Finally, in restricting the right of indemnification to cases in which the indemnitor would be liable to the injured party, the Grace Lines rule appears contrary to the broad third-party practice traditionally available in admiralty. Rule 14(c), Fed.R.Civ.P., expressly permits a claim over for indemnity or otherwise, not only where the indemnitor is or may be liable in whole or in part to the injured party, but also where the indemnitor owes a liability only to the indemnitee. *fn7"

 This indemnification action did not accrue until February 19, 1976, the date of the settlement, and was brought in a timely fashion within five months thereafter. This branch of the motion is denied.



 Northeast, Quin and Vinal move for partial summary judgment, claiming that, by virtue of the Himalaya clause, their liability to plaintiff should be limited to $500 per package. *fn8" Defendants argue that (1) plaintiff could have limited its liability to Romchim to $500 per package; (2) since the Himalaya clause gives the defendants whatever COGSA limitations the carrier has, defendants too had the benefit of a $500 ceiling; and (3) such a limitation cannot be lost when plaintiff asserts the rights of cargo in an indemnity action.

 Plaintiff vigorously contests the suggestion that it could have enforced the $500 limitation against Romchim. The Rumanian courts, plaintiff argues, would not have followed COGSA and might have held plaintiff liable for the full measure of Romchim's claimed damages. Since the Himalaya clause gives defendants only those limitations "which the carrier has," plaintiff says the defendants have no COGSA limitation on their liability in this action.

 We will assume, as defendants contend, that they may limit their liability to $500 per package in this indemnity action if the plaintiff carrier could have limited its liability in Rumania. Whether the plaintiff could have done so turns on the law of Rumania; specifically, whether the Rumanian courts would have enforced COGSA, either under its own choice of law rules or as a matter of contract law.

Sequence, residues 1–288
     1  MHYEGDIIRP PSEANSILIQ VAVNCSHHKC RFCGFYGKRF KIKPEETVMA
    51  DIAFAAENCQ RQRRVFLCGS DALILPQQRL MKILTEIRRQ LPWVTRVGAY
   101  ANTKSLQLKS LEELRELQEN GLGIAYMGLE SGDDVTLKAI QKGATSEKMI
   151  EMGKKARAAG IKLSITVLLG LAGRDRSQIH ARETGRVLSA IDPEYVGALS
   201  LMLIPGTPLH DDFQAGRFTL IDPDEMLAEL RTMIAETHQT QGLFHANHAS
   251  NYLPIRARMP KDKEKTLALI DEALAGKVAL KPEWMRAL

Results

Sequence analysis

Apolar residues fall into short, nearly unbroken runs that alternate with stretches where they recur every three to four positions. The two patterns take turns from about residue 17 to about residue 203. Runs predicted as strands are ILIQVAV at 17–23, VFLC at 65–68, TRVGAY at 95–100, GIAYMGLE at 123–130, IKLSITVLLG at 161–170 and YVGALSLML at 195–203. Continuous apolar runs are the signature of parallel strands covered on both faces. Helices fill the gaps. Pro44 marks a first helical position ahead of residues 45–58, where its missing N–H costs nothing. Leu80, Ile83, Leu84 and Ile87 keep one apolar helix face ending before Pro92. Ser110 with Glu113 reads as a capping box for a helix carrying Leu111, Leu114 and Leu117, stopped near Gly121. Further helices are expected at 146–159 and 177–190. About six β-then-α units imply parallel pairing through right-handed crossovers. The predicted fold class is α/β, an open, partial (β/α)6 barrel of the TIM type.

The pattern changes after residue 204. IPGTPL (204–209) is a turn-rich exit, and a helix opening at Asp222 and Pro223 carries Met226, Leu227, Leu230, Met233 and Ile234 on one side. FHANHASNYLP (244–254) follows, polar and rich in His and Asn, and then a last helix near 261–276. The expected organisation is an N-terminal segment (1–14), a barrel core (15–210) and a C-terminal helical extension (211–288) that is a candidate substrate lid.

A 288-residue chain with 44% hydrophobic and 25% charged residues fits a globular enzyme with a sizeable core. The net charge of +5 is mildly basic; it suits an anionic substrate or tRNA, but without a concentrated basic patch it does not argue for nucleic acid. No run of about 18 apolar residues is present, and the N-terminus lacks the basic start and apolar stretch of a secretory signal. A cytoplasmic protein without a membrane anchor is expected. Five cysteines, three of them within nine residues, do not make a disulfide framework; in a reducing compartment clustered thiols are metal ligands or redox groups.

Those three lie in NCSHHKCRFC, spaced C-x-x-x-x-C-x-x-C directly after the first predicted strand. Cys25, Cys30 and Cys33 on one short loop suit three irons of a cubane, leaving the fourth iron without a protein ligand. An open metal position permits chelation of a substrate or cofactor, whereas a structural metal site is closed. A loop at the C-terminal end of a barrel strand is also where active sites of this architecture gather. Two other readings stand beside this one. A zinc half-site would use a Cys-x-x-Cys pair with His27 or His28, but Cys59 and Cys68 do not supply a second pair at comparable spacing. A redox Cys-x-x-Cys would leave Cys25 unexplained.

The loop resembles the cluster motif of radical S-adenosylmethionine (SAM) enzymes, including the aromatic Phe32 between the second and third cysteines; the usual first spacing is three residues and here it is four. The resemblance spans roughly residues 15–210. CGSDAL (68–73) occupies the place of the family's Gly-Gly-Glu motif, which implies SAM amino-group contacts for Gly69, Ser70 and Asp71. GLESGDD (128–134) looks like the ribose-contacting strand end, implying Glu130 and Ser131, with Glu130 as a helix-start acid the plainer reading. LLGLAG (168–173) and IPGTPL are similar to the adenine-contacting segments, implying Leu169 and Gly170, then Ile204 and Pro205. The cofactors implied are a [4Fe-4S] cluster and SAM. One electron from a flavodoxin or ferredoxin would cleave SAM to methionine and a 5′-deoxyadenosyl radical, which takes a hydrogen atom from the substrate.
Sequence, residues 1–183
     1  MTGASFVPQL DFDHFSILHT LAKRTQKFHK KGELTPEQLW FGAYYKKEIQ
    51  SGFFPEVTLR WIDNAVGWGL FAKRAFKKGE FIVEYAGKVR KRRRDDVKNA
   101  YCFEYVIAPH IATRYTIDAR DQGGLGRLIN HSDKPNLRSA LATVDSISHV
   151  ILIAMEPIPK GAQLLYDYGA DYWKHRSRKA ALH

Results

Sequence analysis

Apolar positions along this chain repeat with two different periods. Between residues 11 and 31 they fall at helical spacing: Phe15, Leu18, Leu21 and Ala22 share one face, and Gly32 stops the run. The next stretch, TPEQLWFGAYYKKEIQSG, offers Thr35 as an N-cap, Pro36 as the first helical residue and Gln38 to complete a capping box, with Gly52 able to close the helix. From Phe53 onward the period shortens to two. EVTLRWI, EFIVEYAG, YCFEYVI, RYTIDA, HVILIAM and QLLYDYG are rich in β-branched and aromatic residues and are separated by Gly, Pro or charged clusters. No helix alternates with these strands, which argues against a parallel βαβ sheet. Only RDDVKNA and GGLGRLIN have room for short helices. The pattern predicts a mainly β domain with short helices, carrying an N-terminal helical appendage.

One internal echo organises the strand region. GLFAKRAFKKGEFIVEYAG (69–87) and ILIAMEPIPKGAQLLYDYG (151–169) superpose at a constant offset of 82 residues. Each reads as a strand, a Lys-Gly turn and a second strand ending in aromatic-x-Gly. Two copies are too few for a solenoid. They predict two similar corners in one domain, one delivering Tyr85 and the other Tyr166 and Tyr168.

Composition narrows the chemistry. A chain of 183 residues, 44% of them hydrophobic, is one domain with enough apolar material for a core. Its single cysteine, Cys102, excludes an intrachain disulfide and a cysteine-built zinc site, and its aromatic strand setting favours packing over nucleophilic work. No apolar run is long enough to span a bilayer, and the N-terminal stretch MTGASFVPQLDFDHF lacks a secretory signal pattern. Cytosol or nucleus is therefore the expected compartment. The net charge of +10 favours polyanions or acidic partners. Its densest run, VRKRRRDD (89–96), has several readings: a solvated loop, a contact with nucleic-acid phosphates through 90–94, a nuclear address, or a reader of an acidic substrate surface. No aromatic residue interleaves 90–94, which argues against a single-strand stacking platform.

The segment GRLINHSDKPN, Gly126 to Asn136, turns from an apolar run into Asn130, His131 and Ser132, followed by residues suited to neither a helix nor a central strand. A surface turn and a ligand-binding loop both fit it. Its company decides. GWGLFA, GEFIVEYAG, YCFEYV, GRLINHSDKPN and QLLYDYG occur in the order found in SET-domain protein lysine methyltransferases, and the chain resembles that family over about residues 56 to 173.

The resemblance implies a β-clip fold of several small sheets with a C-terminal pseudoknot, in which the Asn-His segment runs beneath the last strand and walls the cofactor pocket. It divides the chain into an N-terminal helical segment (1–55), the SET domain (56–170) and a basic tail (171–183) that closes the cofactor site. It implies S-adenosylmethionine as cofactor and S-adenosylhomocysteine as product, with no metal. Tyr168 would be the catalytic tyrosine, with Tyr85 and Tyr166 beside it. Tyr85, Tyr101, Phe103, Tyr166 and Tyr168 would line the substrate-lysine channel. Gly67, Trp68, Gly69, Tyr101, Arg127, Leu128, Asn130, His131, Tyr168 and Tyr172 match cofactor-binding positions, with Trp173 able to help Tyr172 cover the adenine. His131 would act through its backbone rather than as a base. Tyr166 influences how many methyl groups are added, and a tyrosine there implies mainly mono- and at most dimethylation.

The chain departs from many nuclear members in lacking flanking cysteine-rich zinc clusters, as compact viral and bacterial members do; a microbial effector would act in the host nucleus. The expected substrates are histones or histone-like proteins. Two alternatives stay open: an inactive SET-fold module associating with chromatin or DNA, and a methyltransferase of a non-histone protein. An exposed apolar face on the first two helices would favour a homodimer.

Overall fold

Foreign law is a question that may be resolved by the court on a motion for summary judgment. *fn9" The parties, however, have failed to provide us with evidence sufficient to permit an informed decision on the Rumanian law. In light of these deficiencies in the record, defendants' motions are denied. At trial, the parties will be permitted to renew their contentions and to introduce evidence on the question whether the plaintiff could have limited its liability to $500 per package in an action against it in the courts of Rumania.



 Defendants, General, Delaval and Santini, also move for partial summary judgment, seeking to limit their liability to $500 per package. These defendants do not purport to come within the Himalaya clause. They do suggest that plaintiff's liability to Romchim was limited to $500 per package. Therefore, when plaintiff settled Romchim's claim by paying an amount in excess of that figure, plaintiff made a "gratuitous" or "voluntary" payment, for which it should not be permitted indemnity.

 This argument, like that of the other moving defendants, assumes the very issue which requires proof. A payment in excess of a party's legal liability would be unreasonable as a matter of law, so as to preclude indemnification for the excess portion. The question, however, is whether plaintiff would indeed have had the benefit of the $500 per package limitation had plaintiff litigated in Rumania. Once again, the answer turns on issues of Rumanian law which we cannot resolve on this record. The motions for partial summary judgment are denied. Again, at trial the parties will be permitted to introduce evidence on the question whether the plaintiff could have limited its liability to $500 per package in an action in the courts of Rumania.

 Accordingly, the motions of defendants Northeast, Quin and Vinal for summary judgment based upon the statute of limitations are denied; the motions of defendants Northeast, Quin, Vinal, General, Delaval and Santini for partial summary judgment limiting their liability to $500 per package are also denied.

 So ordered.

 LLOYD F. MacMAHON United States District Judge

Buy This Entire Record For $7.95

Official citation and/or docket number and footnotes (if any) for this case available with purchase.

Learn more about what you receive with purchase of this case.